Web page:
Sustainability in the Presence of Global Warming: Theory and Empirics
Humberto Llavador (),
John Roemer () and
No HDRP-2011-05, Human Development Research Papers (2009 to present) from Human Development Report Office (HDRO), United Nations Development Programme (UNDP)
Mankind must cooperate to reduce greenhouse gas (GHG) emissions to prevent a catastrophic rise in global temperature, with its concomitant effects on sea level, rainfall, drought, storms, agricultural production, and human migration. What is the appropriate way of evaluating how the costs of reducing GHG emissions should be shared across the present and future generations, and within the next few generations, across regions of the world? How should the intergenerational and inter-regional resource allocation be regulated? These are normative questions: their answers depend upon the theory of distributive justice held. We argue, with respect to the intergenerational question, for a theory of justice that is motivated by the concept of sustainability. With respect to the inter-regional issue, we do not take a fundamentally normative approach, but rather a political approach, where we propose what we believe is a politically acceptable solution to the bargaining problem that is at present taking place between major national actors (think: the US and China) concerning the reductions in GHGs that should be implemented. One reason for the difference in our approaches to these two problems is that future generations cannot bargain with us, and so we should take an ethical posture towards them. Major nations of the world, however, are actively engaged in arguing and bargaining over the second problem, and our role with respect to these negotiations is to behave like an arbitrator and propose what (we believe) is a mutually acceptable solution.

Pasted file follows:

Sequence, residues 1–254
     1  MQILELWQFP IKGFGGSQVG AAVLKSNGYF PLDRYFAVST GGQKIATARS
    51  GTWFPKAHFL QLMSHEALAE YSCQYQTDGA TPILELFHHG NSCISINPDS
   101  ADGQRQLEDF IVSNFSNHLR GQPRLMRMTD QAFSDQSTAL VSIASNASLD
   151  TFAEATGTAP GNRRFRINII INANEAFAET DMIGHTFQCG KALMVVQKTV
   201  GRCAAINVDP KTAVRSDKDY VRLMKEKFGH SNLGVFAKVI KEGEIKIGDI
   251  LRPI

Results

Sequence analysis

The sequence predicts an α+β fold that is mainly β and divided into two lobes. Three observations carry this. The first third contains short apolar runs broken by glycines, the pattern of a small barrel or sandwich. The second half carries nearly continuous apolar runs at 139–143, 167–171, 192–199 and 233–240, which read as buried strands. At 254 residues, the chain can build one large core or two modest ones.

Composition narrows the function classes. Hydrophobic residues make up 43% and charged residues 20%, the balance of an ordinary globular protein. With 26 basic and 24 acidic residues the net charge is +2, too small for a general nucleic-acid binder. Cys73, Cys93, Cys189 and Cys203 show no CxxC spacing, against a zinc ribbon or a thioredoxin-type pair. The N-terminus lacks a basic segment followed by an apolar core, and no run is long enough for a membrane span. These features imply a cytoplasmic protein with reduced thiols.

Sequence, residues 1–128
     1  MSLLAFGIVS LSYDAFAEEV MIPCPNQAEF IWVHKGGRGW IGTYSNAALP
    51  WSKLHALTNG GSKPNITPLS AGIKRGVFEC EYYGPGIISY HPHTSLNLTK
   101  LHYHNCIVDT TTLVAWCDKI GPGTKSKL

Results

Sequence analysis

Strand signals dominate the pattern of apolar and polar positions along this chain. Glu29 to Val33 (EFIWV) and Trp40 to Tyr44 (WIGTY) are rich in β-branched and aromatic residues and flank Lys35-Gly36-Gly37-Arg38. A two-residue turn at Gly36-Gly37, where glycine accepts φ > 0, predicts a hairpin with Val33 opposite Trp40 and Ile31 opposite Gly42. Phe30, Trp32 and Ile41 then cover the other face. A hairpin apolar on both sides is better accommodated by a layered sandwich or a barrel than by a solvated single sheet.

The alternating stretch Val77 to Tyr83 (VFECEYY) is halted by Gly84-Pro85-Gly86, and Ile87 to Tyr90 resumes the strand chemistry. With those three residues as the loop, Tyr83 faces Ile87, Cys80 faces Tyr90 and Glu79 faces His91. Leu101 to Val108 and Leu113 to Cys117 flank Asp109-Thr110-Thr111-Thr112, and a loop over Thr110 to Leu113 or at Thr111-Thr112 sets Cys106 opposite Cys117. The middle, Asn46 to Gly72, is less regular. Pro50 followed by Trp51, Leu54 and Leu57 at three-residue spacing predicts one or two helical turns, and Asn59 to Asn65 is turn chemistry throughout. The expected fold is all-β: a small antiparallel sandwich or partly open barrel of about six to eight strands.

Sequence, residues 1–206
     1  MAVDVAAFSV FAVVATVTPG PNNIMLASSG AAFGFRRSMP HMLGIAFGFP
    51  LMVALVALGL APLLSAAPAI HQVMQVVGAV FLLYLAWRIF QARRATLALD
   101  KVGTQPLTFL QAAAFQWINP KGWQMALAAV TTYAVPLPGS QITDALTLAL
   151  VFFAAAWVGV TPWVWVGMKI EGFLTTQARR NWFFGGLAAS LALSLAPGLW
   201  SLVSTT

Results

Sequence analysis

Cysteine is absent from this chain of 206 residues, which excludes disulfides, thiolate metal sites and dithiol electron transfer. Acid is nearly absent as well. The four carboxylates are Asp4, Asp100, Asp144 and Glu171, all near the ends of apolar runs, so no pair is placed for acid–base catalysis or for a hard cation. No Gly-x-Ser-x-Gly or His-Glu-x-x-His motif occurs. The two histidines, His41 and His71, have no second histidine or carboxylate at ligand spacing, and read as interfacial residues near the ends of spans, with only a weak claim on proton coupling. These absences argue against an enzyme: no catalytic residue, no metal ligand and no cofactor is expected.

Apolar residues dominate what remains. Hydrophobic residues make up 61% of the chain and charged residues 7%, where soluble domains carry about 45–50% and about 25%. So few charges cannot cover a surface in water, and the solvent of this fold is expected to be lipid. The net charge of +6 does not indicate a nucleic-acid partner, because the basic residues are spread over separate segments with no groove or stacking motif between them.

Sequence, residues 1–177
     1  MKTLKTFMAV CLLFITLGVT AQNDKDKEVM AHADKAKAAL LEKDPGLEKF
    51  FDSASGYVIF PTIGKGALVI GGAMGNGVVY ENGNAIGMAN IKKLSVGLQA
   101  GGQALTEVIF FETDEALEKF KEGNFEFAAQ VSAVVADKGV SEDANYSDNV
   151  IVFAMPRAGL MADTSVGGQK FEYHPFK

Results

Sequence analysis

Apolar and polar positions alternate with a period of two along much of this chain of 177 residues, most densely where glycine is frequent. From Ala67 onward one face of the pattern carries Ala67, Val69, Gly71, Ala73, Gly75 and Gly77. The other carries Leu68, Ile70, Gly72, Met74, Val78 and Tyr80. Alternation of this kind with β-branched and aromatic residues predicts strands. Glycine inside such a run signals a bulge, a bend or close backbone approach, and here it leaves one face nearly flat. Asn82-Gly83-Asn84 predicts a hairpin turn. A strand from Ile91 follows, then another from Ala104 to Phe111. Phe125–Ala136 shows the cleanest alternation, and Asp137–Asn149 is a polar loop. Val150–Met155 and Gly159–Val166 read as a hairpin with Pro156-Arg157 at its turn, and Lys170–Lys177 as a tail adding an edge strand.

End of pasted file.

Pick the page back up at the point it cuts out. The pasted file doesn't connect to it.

Keywords: Convergence; CO2 emissions; North-South; Climate Change; Sustainability; Growth (search for similar items in EconPapers)
JEL-codes: D62 D63 D90 O40 Q54 Q55 Q56 Q58 (search for similar items in EconPapers)
Pages: 51 pages
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Published as background research for the 2011 Human Development Report.
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